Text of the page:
The Belgian government reached an agreement that the nuclear sector will need to pay € 550m in nuclear interest over 2012 (up from € 250m last year), and € 475m over 2013. The latter reflects the temporarily closure of Doel 3 and Tihange 2 over 2012. Belgian financial newspaper De Tijd reports that the percentage of the € 300m additional nuclear interest that will need to be paid by GDF Suez will be higher than pro-rate assumed, as the government intends to protect smaller producers. ( EUR, 0,00%) Luminus would need to pay an extra gross amount of € 15m, Belgium € 17m and Electrabel € 267m. We calculated that GDF Suez needed to pay 70% of the nuclear interest or € 254m after-tax. We calculate that based on the higher share on the additional part, the nuclear interest after tax due by GDF Suez will amount to € 292m over 2012 and € 280m over 2013. These are only small changes vs. our initial € 254m forecast. Going forward the government is in talks with GDF Suez to change the nuclear interest calculation mechanism which should no longer be based on installed capacity.
1GW of Tihange 1 needs to be sold at a small margin:
It was also decided that as a consequence of the life time extension of Tihange 1 by 10 years, the 1GW produced by Tihange 1 will need to be put on the market from 2015 onwards. Electrabel will need to sell half of that capacity to its competitors and the other half to large consumers and the industry. As a result the Blue-Sky members will still have sufficient sourcing once their drawing rights on Doel 1 & 2 come to an end as a result of the closure of these nuclear units in 2015. Secretary of State for Energy Melchior Wathelet has been given a mandate to negotiate with GDF Suez on the conditions and the price at which the 1GW will be ‘sold’. Electrabel would be able to obtain a small margin.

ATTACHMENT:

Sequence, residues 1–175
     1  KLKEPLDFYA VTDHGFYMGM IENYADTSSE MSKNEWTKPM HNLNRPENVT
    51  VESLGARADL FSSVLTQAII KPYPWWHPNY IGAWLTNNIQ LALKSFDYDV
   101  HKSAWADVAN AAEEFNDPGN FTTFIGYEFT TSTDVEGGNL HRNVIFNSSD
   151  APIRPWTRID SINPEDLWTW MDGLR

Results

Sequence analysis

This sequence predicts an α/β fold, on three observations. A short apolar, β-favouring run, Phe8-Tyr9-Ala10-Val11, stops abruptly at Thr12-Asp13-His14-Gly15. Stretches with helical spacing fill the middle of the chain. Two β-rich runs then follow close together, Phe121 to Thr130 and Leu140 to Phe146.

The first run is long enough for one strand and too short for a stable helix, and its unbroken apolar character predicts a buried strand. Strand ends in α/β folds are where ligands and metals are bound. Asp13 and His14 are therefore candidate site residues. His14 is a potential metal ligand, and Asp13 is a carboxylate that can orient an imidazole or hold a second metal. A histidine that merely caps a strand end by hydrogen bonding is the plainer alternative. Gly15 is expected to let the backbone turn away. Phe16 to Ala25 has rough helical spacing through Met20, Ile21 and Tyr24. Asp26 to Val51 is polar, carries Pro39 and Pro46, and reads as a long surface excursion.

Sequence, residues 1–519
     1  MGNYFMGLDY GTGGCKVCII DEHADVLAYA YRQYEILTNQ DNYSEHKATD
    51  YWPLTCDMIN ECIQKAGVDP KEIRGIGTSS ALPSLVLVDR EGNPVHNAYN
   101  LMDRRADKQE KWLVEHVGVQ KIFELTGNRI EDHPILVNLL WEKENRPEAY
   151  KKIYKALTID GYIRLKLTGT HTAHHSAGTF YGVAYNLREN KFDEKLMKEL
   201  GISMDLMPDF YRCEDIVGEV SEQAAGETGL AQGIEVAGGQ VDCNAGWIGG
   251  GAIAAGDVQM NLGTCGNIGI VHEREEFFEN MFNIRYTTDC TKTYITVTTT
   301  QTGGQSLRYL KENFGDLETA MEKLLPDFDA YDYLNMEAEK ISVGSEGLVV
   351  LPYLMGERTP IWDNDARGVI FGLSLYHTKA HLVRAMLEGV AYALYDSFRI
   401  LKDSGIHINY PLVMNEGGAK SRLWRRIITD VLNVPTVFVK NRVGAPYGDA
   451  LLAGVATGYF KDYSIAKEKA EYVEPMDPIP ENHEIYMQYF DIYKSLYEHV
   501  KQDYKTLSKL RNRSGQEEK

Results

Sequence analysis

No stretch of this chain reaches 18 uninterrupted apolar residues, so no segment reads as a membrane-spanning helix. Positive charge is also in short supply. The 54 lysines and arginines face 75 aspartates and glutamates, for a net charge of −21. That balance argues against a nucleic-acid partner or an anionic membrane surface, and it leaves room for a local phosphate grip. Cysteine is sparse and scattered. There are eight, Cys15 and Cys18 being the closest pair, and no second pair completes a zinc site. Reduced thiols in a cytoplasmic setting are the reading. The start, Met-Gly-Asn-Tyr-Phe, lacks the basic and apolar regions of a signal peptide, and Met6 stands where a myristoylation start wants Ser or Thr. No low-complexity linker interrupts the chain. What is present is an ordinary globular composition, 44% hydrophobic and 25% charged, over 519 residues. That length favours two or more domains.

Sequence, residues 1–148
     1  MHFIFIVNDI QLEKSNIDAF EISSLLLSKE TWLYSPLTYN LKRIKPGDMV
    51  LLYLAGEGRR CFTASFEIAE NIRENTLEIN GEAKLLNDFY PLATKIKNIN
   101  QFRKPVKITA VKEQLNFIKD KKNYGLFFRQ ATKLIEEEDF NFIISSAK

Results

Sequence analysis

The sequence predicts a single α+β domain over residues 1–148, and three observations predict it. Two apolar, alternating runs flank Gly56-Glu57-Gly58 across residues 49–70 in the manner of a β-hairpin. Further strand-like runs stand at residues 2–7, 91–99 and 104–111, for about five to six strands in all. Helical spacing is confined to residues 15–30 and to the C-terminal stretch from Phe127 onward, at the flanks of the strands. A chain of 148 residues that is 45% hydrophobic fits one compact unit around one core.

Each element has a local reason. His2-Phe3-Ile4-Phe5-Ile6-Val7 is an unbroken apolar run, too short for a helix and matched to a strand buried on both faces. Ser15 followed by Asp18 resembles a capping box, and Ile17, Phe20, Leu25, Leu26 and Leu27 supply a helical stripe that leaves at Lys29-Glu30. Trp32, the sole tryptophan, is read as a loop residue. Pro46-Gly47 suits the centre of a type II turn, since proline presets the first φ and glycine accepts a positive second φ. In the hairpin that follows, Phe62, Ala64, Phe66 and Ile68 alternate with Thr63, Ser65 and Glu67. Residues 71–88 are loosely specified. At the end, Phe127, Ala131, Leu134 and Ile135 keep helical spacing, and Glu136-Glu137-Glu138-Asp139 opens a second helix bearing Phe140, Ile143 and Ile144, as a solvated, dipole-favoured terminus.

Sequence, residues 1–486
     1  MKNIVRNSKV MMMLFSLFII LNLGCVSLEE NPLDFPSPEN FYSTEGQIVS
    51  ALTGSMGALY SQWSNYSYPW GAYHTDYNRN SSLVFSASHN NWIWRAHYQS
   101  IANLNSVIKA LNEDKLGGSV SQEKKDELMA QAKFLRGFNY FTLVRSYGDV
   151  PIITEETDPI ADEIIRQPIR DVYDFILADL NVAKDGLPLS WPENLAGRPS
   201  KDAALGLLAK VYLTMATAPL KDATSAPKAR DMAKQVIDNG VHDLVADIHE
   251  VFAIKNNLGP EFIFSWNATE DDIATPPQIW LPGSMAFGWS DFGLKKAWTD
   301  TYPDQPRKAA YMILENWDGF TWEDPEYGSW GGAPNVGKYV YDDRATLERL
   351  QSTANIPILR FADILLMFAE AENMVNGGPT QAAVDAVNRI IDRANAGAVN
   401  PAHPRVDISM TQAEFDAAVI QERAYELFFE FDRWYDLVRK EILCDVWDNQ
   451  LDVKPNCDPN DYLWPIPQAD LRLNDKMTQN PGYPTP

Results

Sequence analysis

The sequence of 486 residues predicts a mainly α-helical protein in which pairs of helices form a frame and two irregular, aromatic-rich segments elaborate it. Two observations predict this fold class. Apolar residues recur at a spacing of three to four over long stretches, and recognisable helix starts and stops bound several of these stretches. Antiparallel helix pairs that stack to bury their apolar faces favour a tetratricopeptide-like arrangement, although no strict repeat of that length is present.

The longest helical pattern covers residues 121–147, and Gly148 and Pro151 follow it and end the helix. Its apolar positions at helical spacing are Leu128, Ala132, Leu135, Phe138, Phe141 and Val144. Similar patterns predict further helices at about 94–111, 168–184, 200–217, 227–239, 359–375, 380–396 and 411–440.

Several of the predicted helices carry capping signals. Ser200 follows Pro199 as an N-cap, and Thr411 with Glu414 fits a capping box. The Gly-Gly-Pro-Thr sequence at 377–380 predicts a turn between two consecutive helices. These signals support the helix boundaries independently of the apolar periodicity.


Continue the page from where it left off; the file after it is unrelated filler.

Belgian government remains committed to lower consumer energy bill:
Friday the government Di Rupo also wants to consider how the electricity and gas prices can be kept under control as the price freeze expires by year end. The central question is whether the prices can be decoupled from oil prices.
The aforementioned items were expected but are still negative for sentiment and we believe it shows that the Belgian government remains committed to restructure the Belgian utility sector, mainly at the expense of Electrabel / GDF Suez.
We stick to our Hold rating and € 20/sh TP on GDF Suez as the political andmacro environment continue to pressure earnings but believe that the attractive dividend - to